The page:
Selectios are a subclass of array. it provides methods to manipulate selected elements, such as setting attributes and styles.
selection.each:
selection.filter:
selection.sort:
Selections are arrays of arrays of elements:
d3.select(): select a selection with one group
d3.selectAll():
data is not a property of the selection, but a property of its elements.
When binding data to a selection, the data is stored in the DOM rather than in the selection.
data is persistent while selections can be considered transient.
Data is bound to elements one of several ways:
1. Joined to groups of elements via selection.data.
2. Assigned to individual elements via selection.datum.
3. Inherited from a parent via append, insert, or select.
Solution: Try to put the support lib and the android project into the same disk (e.g., C)
]]>http://mathbits.com/MathBits/TISection/Statistics2/correlation.htm
http://maps.unomaha.edu/maher/GEOL2300/week3/week3.html
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Problem Statement 

Manao is building a new house. He already purchased a rectangular area where he will place the house. The basement of the house should be built on a level ground, so Manao will have to level the entire area. The area is leveled if the difference between the heights of its lowest and highest square meter is at most 1. Manao wants to measure the effort he needs to put into ground leveling.You are given a String[] area. Each character in area denotes the height at the corresponding square meter of Manao’s area. Using 1 unit of effort, Manao can change the height of any square meter on his area by 1 up or down. Return the minimum total effort he needs to put to obtain a leveled area.  
Definition 


My Code:
public class HouseBuilding
{
public int getMinimum(String[] area)
{
int min = 11;
int max = 1;
int[] c = new int[10];
for(int i = 0; i < area.length; i++)
{
for(int j = 0; j < area[i].length();j++)
{
int val = Integer.parseInt(“” + area[i].charAt(j));
c[val]++;
if(val > max)
max = val;
if(val < min)
min = val;
}
}
if(max – min <= 1)
return 0;
int result = Integer.MAX_VALUE;
for(int i = 0; i < 9; i++)
{
int sum = 0;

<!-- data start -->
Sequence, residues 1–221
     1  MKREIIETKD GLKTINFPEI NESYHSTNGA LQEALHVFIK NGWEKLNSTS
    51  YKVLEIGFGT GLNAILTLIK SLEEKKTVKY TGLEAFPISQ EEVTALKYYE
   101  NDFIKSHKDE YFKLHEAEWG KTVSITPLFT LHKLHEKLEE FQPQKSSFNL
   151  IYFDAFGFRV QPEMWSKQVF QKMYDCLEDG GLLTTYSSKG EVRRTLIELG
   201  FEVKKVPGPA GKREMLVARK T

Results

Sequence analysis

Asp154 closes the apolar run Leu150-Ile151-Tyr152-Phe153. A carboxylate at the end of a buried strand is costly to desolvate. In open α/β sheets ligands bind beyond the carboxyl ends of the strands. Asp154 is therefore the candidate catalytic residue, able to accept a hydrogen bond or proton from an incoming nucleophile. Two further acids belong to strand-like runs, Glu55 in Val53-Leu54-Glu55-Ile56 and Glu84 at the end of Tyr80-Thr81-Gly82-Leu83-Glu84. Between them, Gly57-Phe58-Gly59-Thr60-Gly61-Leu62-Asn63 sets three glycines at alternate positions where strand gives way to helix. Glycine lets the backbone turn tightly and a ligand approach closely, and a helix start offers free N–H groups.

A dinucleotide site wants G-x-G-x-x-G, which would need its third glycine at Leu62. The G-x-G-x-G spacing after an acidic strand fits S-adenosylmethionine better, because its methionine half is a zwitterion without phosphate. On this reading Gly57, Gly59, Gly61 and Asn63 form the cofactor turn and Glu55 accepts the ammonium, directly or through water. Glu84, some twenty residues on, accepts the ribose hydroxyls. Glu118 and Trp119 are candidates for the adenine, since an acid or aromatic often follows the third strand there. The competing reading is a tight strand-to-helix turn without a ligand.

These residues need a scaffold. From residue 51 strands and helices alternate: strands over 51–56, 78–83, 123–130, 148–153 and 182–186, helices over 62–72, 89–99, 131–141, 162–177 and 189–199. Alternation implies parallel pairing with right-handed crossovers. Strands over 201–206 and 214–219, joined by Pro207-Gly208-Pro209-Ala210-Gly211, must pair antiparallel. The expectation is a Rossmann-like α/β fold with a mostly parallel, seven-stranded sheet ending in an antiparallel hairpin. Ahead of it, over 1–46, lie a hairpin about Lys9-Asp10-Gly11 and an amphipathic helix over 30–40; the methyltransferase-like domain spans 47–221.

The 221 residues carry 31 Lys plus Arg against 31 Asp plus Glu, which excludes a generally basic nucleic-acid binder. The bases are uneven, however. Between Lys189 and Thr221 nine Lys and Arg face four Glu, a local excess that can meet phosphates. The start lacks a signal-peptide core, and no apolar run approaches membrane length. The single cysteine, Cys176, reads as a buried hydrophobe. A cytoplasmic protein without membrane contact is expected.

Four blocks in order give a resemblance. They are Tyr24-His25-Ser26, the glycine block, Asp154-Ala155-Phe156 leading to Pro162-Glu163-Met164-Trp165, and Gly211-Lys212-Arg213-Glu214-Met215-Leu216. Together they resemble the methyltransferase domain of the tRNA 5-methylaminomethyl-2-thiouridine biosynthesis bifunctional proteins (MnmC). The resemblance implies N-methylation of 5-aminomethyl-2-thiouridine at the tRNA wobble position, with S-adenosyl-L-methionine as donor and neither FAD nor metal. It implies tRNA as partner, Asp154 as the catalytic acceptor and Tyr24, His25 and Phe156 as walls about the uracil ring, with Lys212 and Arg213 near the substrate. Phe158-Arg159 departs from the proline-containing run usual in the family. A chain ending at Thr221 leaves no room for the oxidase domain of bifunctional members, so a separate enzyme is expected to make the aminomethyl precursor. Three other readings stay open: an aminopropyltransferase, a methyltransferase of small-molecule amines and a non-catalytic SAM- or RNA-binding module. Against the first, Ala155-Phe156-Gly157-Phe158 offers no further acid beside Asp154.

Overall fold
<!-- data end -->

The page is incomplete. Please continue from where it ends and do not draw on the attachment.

for(int j = 0; j < 10; j++)
{
if( j <= i)
{
sum += (i – j) * c[j];
}
else
sum += (j – i 1) * c[j];
}
if(sum < result)
result = sum;
}
for(int i = 0; i < 9; i++)
{
int sum = 0;
for(int j = 0; j < 10; j++)
{
if( j <= i)
{
sum += (i – j) * c[j];
}
else
sum += (j – i) * c[j];
}
if(sum < result)
result = sum;
}
return result;
}
}
Title: A Diary Study of Mobile Information Needs. CHI’08
Procedure:
20 participants, 2 weeks, 421 diary entries
15 without mobile internet; 5 with mobile internet
SMS first; then later fill in details on a web interfaces; afterwards interviews;
Results:
1) Categorized information needs:
2) Determining the cost/benefit of addressing a need:
1) Important needs are those that should be addressed, even if addressing them is not required immediately.
2) Urgent needs are usually related to current activities. time critical and demand immediate attention.
3) besides the importance and urgency of a need, also consider the cost of addressing a need in terms of time and expense.
when time is not critical, could consider multiple alternatives;
when in rush, method taking time might not a good choice
also monetary issue with using mobile phone services.
situational context contributes to the cost
3) When participants address their info need
At the time: 45%
Later: 25%
Not at all: 30%
4) For the need they address at the time, how they address it:
Web access: 30%
Call Source (call a service that had the desired info): 23%
Call Proxy: call a person/service that functioned as an indirect way to address their info need: 16%
Online Maps: 10%
Asked someone: found a person and asked face to face: 7%